Internet Terminology and Definitions

Prepared by Steven C. Perkins (

Table of Contents


the name given to the collective electronic network of computers and computer networks which are inter-connected throughout the world - started with the ARPAnet at the US Dept. of Defense.

the name given to the computer network which carries newsgroups - newsgroups are arranged in heirarchies based loosely on subject matter - the USENET is often confused with the INTERNET in the news media - started by two students at Duke University.

WorldWideWeb - WWW - W3
the name given to the collection of computers which serve information in hypertext format to the INTERNET - invented by Dr. Tim Berners-Lee, at the European Center for Nuclear Research (CERN), who wrote the first hyper text transfer protocol daemon (HTTPD) and the first hyper text markup language (HTML) browser, as a way to allow nuclear physicists to exchange working papers over the computer networks.

HTTPD - Hyper-text Transfer Protocol Daemon
a computer program which manages the transfer of hyper-text and multimedia documents over the INTERNET.

HTML - Hyper Text Markup Language
the text markup language used to insert tags which allow a Web browser to correctly display a hyper-text document. HTML1, HTML +, HTML 2 and HTML 3 are versions of HTML in use at this time. HTML is a subset of the Standard Generalized Markup Language (SGML) first invented to display legal texts and now the world standard for large documentation projects.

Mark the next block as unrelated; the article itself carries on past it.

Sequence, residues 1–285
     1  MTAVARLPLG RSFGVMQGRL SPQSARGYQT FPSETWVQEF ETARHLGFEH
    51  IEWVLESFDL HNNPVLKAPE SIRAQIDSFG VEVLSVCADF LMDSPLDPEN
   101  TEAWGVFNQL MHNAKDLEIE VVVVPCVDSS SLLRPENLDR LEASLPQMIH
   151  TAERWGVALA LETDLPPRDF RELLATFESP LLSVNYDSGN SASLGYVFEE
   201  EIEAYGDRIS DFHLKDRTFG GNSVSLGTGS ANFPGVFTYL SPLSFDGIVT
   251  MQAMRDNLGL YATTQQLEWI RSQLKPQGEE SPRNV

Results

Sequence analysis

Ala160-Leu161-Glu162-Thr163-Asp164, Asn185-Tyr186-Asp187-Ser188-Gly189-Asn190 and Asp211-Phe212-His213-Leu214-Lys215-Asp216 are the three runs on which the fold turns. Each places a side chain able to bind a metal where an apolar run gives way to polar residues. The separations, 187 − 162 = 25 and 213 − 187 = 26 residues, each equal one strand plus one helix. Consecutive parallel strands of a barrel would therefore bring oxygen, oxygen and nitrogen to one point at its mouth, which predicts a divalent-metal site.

VRML - Virtual Reality Modeling Language
a tagging language for conveying three dimensional information over the Internet using a VRML browser.

documents which contain links to other documents within them - footnotes are a form of hypertext link.

documents which contain text, sound, graphics and video elements that are all capable of being displayed to the user.

documents which combine hypertext links and multimedia elements.

the network news transfer protocol daemon which serves USENET newsgroups across the Internet.

NNTP Server
the computer which you connect to to receive USENET newsgroups and post USENET news articles.

the Domain Name System which identifies each computer as a network node on the Internet using an internet protocol address system to translate from domain names to IP numbers and vice-versa.

DNS Server
the computer you use to access the DNS to allow you to contact other computers on the Internet.

Frequently Asked Questions document which answers FAQs about various subjects.

RFC - Request for Comments
a document which defines Internet operating protocols - despite the name it is more a statement of agreed standards than a request.

Internet Access Provider (IAP)/Internet Service Provider (ISP)
an organization or commercial enterprise which provides access to the Internet.

a computer connection that is brought up and brought down as needed - a simple version is dialing in to a servive provider over a modem as a dumb terminal - SLIP and PPP can also be dial-up connections - also known as a switched connection.